Doctors say PM Lee should recover quickly from prostate surgery
Most patients take a few days, at most a week, to recover from prostate cancer surgery.
That was what doctors told The New Paper of the operation to treat the disease.
"In experienced hands, patients recover very well from surgery and need a few days' hospital stay at most," said Dr Sim Hong Gee, 45, a senior consultant urologist at Gleneagles Medical Centre.
Prostate cancer is the third most common cancer in men and usually occurs after the age of 50, according to the National Cancer Centre Singapore website.
At 6pm yesterday, the Prime Minister's Office (PMO) announced that Prime Minister Lee Hsien Loong was diagnosed with prostate cancer in January, after a magnetic resonance imaging scan showed suspicious lesions on his prostate.
A subsequent biopsy found that one out of 38 samples contained cancer cells.
Mr Lee, who turned 63 last week, is scheduled to undergo robot-assisted keyhole surgery to remove his prostate gland today.
He chose to do so after he was advised by a panel of doctors and is expected to recover fully, said the PMO.
The operation will be performed by Singapore General Hospital lead urologist Professor Christopher Cheng, who was a pioneer in the use of robots in surgery.
During Mr Lee's week of medical leave, Deputy Prime Minister and Minister for Home Affairs Teo Chee Hean will be the acting Prime Minister.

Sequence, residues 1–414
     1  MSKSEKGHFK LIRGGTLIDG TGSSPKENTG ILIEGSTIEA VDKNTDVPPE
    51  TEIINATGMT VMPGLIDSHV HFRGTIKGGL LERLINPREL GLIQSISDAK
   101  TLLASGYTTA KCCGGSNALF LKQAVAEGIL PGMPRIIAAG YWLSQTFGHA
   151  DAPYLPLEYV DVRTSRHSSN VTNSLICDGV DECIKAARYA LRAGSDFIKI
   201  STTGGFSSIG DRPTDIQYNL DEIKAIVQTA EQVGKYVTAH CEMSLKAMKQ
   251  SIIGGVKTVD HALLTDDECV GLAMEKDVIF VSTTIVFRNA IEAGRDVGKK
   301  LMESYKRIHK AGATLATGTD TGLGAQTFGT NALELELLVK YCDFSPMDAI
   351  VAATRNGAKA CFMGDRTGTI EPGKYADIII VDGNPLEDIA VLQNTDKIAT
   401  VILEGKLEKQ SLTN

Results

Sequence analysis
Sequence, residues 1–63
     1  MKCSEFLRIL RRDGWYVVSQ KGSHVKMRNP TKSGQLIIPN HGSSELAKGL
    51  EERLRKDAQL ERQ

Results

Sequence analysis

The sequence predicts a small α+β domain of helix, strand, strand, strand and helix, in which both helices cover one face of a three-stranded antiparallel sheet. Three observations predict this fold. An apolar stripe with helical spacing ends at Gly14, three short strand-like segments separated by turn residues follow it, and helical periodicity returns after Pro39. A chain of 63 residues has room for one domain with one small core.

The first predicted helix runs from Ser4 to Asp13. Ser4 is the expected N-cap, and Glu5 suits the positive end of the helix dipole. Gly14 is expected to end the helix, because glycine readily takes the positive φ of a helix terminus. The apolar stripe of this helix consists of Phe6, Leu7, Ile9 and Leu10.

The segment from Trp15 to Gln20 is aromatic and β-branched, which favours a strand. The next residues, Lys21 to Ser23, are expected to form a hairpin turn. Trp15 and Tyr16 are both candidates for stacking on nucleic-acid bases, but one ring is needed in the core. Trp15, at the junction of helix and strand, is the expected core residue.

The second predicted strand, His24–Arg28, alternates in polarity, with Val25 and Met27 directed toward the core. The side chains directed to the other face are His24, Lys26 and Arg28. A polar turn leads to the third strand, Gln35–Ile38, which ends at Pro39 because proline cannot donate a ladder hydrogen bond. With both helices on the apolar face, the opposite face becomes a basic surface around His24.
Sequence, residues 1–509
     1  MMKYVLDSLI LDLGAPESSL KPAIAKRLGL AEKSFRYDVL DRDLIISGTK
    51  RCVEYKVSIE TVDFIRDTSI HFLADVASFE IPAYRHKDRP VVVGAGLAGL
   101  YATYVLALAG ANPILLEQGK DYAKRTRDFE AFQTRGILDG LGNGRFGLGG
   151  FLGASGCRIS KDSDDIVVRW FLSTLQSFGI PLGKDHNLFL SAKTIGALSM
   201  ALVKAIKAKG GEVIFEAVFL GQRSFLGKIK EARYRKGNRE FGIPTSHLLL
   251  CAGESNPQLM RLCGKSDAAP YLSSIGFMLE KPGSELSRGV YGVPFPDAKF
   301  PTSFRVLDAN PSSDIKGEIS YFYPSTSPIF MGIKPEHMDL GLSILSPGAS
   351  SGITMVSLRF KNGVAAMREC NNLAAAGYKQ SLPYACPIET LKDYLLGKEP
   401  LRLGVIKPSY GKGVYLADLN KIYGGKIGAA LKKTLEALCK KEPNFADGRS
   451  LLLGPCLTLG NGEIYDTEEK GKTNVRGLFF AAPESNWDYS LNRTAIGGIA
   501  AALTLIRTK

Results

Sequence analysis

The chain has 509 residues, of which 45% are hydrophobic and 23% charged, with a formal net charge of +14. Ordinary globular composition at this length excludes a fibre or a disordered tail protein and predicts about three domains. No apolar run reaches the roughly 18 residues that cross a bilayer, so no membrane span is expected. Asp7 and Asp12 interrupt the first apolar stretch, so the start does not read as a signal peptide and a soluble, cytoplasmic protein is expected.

By 10pm yesterday, Mr Lee received more than 10,000 comments on his Facebook page as members of the public flooded his page with well wishes.
President Tony Tan Keng Yam, ministers and MPs also wished Mr Lee a speedy recovery on social media.
Mr Lee also posted a selfie on Facebook and thanked well-wishers for sending him their "concern, good wishes and encouraging words".
"I have already received so many e-mails, SMSes and messages through friends and contacts wishing me well. I'm all set for my op (today), and so are my surgeon and medical team."
Patients with a similar medical profile and treatment as Mr Lee have a cancer-specific survival rate of 99 per cent at 15 years, said the PMO, citing data from the Memorial Sloan Kettering Cancer Center in the US.
The operation to remove the prostate gland, however, is not entirely without risks, said Dr Sim, who performed prostate cancer surgery on Emeritus Senior Minister Goh Chok Tong, 73, in November.
It is a delicate procedure where one has to be careful not to injure the surrounding muscles and nerves, he said.